Poverty and health: could epigenetics play a part?

Written by Tristan Free

A recent study reveals socioeconomic status and health prospects could be linked by epigenetic imprinting.

Socioeconomic status and health prospects have been closely associated for some time. Previous theories have established the obvious impacts of poverty on nutrition, stress and available exercise time as the leading drivers for this correlation. However, a recent study led by Thomas McDade of Northwestern University (IL, USA) has found that poverty can, in fact, leave impressions on DNA, implementing large scale epigenetic changes on the human genome.

Using the Illumina HumanMethylation450 Bead Chip, the researchers analyzed the DNA methylation patterns in the leukocytes of 489 study participants. The socioeconomic status (SES) of each participant was established at infancy and adulthood, through an assessment of the participants’ income, assets and education. Genome-wide analysis was then used to identify CpG sites (sequences of DNA frequently found in the promoter region of genes) whose methylation patterns were significantly affected by SES.

After adjusting the results from the genome-wide analysis, McDade and his team found that over 2500 sites in more than 1500 genes were significantly affected in their methylation status by SES. A low SES led to the increased methylation of 1777 sites and decreased methylation at 769 when compared to high SES.

“This pattern highlights a potential mechanism through which poverty can have a lasting impact on a wide range of physiological systems and processes,”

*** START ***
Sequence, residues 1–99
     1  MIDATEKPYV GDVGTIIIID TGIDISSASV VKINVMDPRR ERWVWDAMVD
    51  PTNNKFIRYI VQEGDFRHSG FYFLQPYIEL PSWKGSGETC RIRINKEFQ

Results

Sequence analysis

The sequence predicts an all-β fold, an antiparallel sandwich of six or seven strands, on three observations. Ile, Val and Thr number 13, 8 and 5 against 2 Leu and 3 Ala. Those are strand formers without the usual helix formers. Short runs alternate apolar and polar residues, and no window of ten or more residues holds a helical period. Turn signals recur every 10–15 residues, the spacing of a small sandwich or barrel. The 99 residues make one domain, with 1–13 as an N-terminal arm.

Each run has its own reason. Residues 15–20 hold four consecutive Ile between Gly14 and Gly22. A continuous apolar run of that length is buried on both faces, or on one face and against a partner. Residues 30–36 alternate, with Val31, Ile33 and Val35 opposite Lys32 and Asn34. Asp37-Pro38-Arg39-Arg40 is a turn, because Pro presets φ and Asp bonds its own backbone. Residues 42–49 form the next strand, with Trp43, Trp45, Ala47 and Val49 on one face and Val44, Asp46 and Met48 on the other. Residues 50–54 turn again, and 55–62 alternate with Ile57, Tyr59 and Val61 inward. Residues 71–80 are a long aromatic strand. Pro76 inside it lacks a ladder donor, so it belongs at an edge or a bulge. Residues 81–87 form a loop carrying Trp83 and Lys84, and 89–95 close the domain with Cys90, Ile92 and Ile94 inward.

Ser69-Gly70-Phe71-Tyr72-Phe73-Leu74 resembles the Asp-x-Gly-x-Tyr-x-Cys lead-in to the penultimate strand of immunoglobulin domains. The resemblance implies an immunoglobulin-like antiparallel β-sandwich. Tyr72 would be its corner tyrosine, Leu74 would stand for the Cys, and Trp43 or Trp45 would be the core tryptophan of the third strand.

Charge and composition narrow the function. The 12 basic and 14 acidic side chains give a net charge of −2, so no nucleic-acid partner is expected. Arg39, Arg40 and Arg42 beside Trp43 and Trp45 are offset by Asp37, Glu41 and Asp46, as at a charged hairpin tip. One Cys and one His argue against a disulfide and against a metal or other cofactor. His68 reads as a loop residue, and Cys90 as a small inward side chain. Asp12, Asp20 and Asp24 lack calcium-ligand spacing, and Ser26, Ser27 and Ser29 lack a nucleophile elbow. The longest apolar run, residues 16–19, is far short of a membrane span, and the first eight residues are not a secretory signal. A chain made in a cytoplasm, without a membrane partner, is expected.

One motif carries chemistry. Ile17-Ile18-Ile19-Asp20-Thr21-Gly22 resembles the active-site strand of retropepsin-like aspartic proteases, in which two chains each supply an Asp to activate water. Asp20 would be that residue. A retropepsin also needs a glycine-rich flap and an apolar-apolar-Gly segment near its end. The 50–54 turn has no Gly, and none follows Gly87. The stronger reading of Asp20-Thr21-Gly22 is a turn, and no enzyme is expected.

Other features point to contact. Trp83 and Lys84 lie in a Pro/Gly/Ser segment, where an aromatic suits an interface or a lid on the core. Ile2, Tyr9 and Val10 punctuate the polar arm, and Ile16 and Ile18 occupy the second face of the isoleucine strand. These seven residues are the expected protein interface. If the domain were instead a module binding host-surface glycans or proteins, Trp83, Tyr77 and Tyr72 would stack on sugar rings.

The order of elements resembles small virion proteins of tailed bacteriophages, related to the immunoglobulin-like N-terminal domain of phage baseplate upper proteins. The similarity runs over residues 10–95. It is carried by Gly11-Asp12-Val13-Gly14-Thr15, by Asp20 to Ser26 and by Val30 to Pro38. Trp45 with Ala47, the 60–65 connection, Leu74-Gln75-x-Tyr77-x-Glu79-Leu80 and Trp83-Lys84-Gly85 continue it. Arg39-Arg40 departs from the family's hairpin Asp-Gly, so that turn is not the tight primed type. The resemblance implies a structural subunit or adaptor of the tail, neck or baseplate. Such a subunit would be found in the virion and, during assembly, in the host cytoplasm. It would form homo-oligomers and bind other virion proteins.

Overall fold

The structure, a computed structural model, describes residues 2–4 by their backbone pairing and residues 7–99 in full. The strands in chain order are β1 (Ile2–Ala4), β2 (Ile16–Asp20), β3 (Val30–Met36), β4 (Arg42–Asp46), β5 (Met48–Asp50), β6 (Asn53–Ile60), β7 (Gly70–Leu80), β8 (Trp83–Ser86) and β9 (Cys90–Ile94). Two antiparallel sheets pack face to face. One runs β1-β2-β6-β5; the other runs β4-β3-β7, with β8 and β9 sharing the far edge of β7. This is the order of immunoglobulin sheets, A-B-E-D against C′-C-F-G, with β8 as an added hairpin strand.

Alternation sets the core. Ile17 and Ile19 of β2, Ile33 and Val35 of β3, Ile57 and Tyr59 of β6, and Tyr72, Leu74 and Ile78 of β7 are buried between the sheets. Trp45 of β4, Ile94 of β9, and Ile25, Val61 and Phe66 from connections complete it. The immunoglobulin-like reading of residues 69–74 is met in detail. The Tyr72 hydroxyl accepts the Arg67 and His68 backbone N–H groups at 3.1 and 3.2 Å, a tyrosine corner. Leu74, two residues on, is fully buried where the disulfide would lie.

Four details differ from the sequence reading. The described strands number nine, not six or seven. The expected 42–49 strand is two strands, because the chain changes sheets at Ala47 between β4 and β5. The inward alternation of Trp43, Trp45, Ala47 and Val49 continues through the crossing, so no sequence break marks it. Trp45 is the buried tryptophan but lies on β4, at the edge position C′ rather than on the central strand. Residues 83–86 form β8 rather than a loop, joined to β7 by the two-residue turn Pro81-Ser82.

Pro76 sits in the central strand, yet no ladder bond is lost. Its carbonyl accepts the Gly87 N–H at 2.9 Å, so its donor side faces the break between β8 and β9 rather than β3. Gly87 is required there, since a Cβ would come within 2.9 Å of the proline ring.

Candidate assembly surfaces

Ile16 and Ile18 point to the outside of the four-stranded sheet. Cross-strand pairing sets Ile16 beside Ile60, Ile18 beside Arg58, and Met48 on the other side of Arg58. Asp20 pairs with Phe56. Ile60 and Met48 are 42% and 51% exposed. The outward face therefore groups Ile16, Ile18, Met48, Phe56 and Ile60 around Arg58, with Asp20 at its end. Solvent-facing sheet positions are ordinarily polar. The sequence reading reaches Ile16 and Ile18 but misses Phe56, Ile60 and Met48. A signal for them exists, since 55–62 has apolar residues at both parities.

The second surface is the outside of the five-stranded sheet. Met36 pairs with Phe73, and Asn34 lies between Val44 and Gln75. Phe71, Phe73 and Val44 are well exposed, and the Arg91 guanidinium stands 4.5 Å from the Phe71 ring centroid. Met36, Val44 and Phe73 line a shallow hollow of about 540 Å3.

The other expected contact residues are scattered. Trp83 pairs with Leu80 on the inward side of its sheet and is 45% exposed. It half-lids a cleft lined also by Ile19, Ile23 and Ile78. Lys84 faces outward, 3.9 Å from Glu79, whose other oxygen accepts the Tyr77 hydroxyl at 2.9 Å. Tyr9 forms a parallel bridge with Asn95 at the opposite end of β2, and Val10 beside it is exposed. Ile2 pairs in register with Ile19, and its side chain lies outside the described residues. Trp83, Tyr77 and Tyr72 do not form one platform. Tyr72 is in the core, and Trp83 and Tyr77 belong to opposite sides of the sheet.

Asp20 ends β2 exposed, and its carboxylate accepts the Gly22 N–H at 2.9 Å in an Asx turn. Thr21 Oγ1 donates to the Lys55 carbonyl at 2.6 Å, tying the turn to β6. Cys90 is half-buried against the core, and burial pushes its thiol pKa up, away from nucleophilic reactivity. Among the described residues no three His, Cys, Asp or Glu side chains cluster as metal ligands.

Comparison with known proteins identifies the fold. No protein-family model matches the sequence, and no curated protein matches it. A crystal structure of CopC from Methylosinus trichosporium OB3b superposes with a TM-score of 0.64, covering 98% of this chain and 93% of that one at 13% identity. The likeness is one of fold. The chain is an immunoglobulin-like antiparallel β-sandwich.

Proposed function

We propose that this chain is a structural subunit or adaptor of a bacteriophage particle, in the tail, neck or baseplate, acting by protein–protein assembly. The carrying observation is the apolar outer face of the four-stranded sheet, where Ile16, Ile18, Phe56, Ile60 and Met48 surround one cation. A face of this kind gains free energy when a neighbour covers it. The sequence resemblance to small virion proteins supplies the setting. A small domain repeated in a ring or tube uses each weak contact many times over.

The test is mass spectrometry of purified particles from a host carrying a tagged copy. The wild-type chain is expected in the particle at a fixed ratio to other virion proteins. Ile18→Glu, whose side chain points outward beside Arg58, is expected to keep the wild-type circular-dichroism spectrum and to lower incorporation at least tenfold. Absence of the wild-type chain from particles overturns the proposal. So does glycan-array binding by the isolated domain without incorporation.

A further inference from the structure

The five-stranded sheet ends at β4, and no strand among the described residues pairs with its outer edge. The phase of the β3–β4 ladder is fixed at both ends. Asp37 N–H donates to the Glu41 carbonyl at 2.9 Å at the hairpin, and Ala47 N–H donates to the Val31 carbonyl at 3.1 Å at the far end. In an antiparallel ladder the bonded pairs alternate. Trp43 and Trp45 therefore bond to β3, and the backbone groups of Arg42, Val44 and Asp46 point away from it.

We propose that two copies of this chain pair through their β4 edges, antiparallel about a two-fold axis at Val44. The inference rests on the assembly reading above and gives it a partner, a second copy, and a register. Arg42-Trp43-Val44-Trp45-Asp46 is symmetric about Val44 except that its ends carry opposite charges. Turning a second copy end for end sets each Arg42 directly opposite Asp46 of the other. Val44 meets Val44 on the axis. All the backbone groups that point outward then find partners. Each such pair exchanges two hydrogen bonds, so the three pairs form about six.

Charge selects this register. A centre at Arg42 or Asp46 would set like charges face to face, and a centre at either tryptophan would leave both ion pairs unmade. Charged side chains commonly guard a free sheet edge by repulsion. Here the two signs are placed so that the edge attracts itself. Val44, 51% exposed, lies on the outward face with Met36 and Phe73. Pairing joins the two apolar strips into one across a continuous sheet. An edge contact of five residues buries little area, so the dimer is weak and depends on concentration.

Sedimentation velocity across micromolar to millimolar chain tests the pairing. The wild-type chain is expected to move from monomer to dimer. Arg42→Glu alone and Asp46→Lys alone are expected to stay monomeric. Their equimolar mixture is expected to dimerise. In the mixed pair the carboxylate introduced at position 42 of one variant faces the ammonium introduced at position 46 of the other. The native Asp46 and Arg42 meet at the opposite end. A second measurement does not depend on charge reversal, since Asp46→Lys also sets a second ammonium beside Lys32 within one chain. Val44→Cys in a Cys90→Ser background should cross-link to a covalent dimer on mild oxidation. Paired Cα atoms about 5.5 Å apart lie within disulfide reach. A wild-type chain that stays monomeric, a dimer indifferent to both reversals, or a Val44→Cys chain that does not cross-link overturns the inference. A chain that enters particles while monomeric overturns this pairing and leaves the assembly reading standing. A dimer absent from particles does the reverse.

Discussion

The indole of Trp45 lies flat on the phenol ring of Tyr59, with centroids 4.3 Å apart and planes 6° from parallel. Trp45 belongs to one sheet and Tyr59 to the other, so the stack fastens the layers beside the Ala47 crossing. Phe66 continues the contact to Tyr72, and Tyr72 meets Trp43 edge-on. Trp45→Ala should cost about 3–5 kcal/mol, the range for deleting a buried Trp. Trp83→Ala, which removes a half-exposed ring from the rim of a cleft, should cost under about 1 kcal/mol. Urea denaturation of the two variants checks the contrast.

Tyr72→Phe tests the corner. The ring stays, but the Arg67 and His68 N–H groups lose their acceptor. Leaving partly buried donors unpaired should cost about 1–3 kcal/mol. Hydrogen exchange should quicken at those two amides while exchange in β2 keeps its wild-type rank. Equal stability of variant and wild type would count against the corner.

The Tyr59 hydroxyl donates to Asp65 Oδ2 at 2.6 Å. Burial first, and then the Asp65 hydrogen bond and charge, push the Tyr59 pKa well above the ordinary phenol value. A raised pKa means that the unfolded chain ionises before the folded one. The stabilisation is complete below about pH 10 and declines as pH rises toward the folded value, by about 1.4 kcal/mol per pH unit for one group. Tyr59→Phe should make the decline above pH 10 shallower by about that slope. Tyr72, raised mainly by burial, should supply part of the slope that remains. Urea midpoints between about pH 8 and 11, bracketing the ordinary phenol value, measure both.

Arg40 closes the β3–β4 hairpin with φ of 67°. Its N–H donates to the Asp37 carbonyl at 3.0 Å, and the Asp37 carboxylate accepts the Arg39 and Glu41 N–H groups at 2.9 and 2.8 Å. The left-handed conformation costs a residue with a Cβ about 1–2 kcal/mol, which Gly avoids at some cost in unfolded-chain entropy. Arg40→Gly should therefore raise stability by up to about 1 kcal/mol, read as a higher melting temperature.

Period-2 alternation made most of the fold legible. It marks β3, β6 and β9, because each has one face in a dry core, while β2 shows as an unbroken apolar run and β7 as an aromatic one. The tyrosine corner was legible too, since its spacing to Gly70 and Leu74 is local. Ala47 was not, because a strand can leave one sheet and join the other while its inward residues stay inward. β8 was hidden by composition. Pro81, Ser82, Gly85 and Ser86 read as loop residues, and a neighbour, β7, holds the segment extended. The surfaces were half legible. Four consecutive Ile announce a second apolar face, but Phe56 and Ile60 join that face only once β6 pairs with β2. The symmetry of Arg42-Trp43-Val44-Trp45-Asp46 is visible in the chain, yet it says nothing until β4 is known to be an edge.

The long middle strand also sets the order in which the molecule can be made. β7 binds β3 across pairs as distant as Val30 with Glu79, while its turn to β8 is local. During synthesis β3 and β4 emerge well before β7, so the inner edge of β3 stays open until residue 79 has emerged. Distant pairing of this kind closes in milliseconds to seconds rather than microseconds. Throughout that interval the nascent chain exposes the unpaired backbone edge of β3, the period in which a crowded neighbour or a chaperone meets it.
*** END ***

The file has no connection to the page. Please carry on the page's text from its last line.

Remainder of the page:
To further understand these results the team conducted functional enrichment analysis to identify the function of each of the genes most commonly affected. This examination found that the genes most commonly affected were associated with skeletal development, immune function and nervous system development. “This pattern highlights a potential mechanism through which poverty can have a lasting impact on a wide range of physiological systems and processes,” opined McDade.

Commenting on his results, McDade stated that “The wide scope of the associations between SES and DNAm is consistent with the wide range of biological systems and health outcomes we know to be shaped by SES.”

Next, the researchers will need to establish the exact implications of the alternative methylation patterns at each site. “These are the areas we’ll be focusing on to determine if DNA methylation is indeed an important mechanism through which socioeconomic status can leave a lasting molecular imprint on the body, with implications for health later in life,” explained McDade.